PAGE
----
Wheelchair recipients in Africa
Wheelchair recipients in Africa
Lions Club of Harare
Wheelchair recipients in Africa

CLOCKWISE FROM TOP: >>> In Tanzania, along “Mosquito’s River,” Conservation Foundation Trust works with local tribal communities to reach disabled children, adults, and elderly in an area seldom visited by aid organizations. Traditional rural trade routes meet in areas where multiple Tribes have settled. In villages like Mto Wa Bbu, like any major cultural hub, people from all stations of life do business together and take part in caring for one another. >>> Lions Club of Harare West presents wheelchairs to individuals and institutions in need of wheelchair mobility. >>> Recipients and their families gather to celebrate the gift of a wheelchair. >>> Lots of excited and happy recipients take a moment to thank the Lions for their efforts to assist the people of Zimbabwe. >>>

For more than 20 years Wheelchair Foundation has been providing wheelchairs to partner organizations whose specialty is to reach deep into rural areas not frequented by other aid organizations.

Mto Wa Mbu is a small village a little over 75 miles due west from Arusha, Tanzania. The name “Mto Wa Mbu” means “Mosquitos’ River.” Here locals grow bananas and host tourists who pass through on their treks to Lake Manyara, Ngorongoro Crater, and Serengeti National Park. The populace is made up of members of some 150 unique tribes with nearly as many languages spoken.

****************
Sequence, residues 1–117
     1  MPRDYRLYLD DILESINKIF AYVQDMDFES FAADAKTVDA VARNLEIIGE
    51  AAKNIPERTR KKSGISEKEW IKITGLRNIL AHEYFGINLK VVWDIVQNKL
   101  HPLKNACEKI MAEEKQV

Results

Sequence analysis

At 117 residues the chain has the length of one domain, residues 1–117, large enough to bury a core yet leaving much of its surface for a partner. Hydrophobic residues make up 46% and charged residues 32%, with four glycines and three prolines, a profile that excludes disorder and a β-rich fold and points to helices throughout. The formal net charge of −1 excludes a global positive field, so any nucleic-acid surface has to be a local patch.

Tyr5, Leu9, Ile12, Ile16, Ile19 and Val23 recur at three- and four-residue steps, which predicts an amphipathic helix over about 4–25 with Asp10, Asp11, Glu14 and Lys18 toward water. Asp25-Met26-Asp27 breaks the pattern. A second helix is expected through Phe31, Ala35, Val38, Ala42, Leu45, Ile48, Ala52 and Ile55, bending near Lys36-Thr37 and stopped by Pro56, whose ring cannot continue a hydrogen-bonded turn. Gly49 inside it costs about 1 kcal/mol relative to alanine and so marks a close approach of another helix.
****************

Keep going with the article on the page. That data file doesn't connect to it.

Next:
Conservation Foundation Trust (CFT) is committed to supporting communities in and around wildlife reserves and protected areas. The community support is part of a partnership with the villages to conserve the natural resources and ensure that they receive tangible benefits from the sustainable use of wildlife in the protected areas. On behalf of Wheelchair Foundation, CFT was able to distribute 20 wheelchairs to the disabled people of Mto Wa Mbu bordering Monduli Juu Open Area.

South of Tanzania, in Zimbabwe, the Lions Club of Harare West has been a wheelchair distribution partner helping to reach the disabled near Harare. Although grateful for the privilege to serve their community through assistance rendered through the receipt of wheelchairs, their work has revealed greater demand than they have supplied. Economic constraints within the country and the early effects of the global pandemic may very well continue to increase the demand for wheelchairs.

As with many distribution efforts, in the process of identifying individuals in need of a wheelchair, when the word spreads, suddenly the demand rises above the number of wheelchairs available. Many partner organizations maintain lists of people in need, in the hope that more wheelchairs will arrive. In Africa, there is always a need. It may just take more effort to reach those waiting for relief.